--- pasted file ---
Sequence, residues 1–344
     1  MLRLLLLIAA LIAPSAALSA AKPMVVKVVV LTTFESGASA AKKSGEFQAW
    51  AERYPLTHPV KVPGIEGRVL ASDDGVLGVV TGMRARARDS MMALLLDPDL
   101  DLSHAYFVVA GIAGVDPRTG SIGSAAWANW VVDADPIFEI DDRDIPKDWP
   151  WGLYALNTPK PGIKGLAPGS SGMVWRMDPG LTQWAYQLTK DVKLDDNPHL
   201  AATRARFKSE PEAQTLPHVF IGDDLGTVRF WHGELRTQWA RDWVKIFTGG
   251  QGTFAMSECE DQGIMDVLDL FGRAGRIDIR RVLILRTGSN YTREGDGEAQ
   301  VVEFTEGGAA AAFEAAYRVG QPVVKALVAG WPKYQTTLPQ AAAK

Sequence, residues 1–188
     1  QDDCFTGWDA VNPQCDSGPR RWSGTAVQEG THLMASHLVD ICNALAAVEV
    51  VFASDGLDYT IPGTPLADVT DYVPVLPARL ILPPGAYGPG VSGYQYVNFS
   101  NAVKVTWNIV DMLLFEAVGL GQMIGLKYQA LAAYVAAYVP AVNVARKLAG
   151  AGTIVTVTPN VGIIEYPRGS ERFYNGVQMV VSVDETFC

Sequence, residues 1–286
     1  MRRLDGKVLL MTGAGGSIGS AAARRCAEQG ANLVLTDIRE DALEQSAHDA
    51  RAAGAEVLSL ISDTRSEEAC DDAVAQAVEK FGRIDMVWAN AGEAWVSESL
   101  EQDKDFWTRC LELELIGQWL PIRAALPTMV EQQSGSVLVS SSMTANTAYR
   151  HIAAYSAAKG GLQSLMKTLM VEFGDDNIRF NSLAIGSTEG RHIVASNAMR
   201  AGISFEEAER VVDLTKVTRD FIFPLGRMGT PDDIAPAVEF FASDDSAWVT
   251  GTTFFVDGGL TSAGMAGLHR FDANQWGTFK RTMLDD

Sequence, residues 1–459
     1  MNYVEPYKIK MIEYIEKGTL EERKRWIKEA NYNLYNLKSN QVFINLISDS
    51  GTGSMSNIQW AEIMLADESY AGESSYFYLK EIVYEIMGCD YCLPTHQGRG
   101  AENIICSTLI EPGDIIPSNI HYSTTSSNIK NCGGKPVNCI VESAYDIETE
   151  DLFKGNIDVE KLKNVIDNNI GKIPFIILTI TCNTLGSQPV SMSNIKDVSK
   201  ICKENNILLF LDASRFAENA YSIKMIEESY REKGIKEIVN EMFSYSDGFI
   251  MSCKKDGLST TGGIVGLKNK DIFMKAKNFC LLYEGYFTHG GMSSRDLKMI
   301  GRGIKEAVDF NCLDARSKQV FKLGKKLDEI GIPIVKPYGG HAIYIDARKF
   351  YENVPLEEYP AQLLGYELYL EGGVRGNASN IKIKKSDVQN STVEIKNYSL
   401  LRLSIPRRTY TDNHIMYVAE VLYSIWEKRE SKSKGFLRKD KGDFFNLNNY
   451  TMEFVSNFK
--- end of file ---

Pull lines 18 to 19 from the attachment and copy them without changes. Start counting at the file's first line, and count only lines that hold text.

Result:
   151  HIAAYSAAKG GLQSLMKTLM VEFGDDNIRF NSLAIGSTEG RHIVASNAMR
   201  AGISFEEAER VVDLTKVTRD FIFPLGRMGT PDDIAPAVEF FASDDSAWVT